The middle of the year – a tipping point?
28 June 2019
We’re heading into the end of the first half of the year, so let’s go through where what we were thinking at the start of the year and where we are now.
The end of 2018 saw another bout of market liquidity squeeze and its associated sharp drop in risk-appetite. Investors want more yield to take risk. In other words, risk asset valuations cheapened in both bond credit spreads and equity price-to-earnings ratios. The rationale for investors’ worries was the fear that the slowdown in Asia and Europe was spreading to the US. The stronger US economy’s momentum at that point meant the expectation of contagion was muted but the US’ higher valuations had left their stocks vulnerable.
In our outlook for 2019 we said upside would come from a pause in the US interest rate tightening cycle which could calm liquidity concerns and reverse the squeeze. That return of investor liquidity we thought might be a circle nearly as virtuous as had been the one for 2018’s last quarter.
We also thought that there could be swifter-than-expected resolution to the “hotspots” which were holding back spending and investment, the main hotspots being:
- Trump trade war
- European policy fiscal/monetary policy logjam (exemplified by the Italian budget agreement process)
- China policy ineffectiveness
- …and Brexit.
As you can see, this is not an exercise in “I told you so”. None of the above have stopped being a worry.
The risk markets did bounce smartly as we headed though the first quarter, driven by growing expectations of a US monetary policy move and thoughts that the global economy would stabilise. However, economic data continued to worsen, led by the corporate sector. A bounce in capex showed little sign of emerging, indeed, in a lot of places it moved from growth slowdown to absolute decline.
May saw risk markets fall back, but the market liquidity squeeze was not part of it. Jerome Powell and other Federal Open Market Committee (FOMC) members had signalled ambivalence about the direction of interest rates in the first quarter, enough to mean dollar liquidty was more abundant. Renewed fears about global profit declines were not accompanied by a seizing-up of risk-appetite.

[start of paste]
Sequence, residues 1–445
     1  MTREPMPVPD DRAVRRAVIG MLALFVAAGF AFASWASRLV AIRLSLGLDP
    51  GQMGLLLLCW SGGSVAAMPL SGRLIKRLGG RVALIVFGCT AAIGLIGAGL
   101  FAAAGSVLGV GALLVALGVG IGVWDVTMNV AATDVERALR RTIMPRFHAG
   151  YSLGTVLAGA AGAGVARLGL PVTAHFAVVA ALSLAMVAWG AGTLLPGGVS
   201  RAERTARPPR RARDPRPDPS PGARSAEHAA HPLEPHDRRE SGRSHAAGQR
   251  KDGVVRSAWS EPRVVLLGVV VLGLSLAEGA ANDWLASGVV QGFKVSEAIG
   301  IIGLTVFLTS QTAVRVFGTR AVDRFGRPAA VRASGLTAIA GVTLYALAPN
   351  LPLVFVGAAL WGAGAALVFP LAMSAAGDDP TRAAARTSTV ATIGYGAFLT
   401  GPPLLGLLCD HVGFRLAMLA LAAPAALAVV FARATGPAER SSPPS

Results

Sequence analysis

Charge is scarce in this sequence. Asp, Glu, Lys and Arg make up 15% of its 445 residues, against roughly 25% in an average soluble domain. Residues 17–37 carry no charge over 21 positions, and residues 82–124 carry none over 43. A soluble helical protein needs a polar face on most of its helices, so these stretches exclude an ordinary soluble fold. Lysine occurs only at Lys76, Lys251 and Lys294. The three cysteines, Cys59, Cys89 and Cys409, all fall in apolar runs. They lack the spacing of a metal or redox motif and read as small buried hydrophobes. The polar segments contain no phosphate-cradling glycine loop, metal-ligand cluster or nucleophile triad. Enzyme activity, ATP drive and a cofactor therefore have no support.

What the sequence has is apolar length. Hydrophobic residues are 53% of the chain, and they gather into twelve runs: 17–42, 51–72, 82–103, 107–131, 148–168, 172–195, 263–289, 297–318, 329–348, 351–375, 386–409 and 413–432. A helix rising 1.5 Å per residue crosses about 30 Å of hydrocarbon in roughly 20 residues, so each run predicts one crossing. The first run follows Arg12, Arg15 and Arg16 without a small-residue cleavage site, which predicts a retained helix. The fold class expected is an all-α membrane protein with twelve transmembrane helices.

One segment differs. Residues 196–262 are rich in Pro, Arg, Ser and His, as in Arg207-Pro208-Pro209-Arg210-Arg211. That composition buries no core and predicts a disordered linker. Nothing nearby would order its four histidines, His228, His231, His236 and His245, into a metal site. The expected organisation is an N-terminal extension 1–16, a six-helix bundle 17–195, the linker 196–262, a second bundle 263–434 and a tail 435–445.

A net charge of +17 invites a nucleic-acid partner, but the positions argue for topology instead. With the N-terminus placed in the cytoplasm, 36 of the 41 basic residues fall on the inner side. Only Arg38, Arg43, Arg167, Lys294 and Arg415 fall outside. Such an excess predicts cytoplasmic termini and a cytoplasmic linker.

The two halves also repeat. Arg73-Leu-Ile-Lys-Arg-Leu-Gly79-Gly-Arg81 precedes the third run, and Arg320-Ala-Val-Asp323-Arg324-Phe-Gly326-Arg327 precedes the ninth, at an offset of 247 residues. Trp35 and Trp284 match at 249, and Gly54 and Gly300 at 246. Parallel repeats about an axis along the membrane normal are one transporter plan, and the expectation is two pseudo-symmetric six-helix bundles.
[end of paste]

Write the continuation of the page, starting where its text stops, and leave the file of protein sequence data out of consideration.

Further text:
And then, through this month, it has become clear that the manufacturing slowdown is deeper and has been more prolonged than expected, and that there are signs this is having impacts on non-manufacturers. The good news is that global employment levels have not followed the capex slowdown although employment growth has stagnated.
Now let’s look to the next half-year.
If business confidence declines are unchecked, it would only be a matter of time before cost-cutting would spread from capex to employment, affecting consumer confidence and spending. The reasonably positive growth in consumption would fade.
Thus, the FOMC and (to some extent) the ECB are starting the monetary engines. Businesses see profits on a slight declining path. With still-high debt levels, they are not likely to be borrow more. Household credit demand is less responsive to interest rate moves than in the past – the recent sharp fall in the US mortgage rate has produced less housing demand than most forecasts – but it is still flickering.
This is why the state of trade negotiations matters so much now. If businesses can look through this slowdown towards steady demand into 2020, they will hang on to their valuable workforces. If their uncertainty remains high, they may feel forced to cut employment, especially so if the individual companies are rewarded in better share price performance (as is happening among auto manufacturers).
It may be that the G20 this weekend will provide proper comfort to the traded goods sectors to end the current on-off stockpiling process. Clearly, most investors will be happier if Trump and Xi can deliver something soon.
The Chinese economy does appear to have stabilised meanwhile, though policy is inwardly focussed. At the start of the year, we fretted that policy would be ineffective, but it does seem that Trump’s negotiating tactics have made Chinese policy more internally efficient. The ability to stem capital outflow has meant that liquidity has been targeted at the vulnerable smaller companies. The banks have become better at lending in this area, more ably displacing shadow-financing.
Infrastructure spending has supported emerging market commodity producers without creating the boom-like conditions of 2017.
Looking forward, fears of a financial system meltdown have receded. They appear to be in a more resilient position which has the perverse potential to make a near-term trade deal less achievable, and to keep the People’s Bank of China from easing further.
As for Brexit, we appear to be in almost exactly the same place now as in December, a deadline approaching fast with no discernible change in possible outcomes. The FTSE 100 and £-Sterling are pretty much the same level, with a slight depreciation versus the euro. However, it does appear that the new Prime Minister will provoke an outcome. That has the potential to provoke volatility especially in the currency in the next couple of months. An interesting aside is that the probability of an election this year has risen from 30% to 40% in the past two weeks.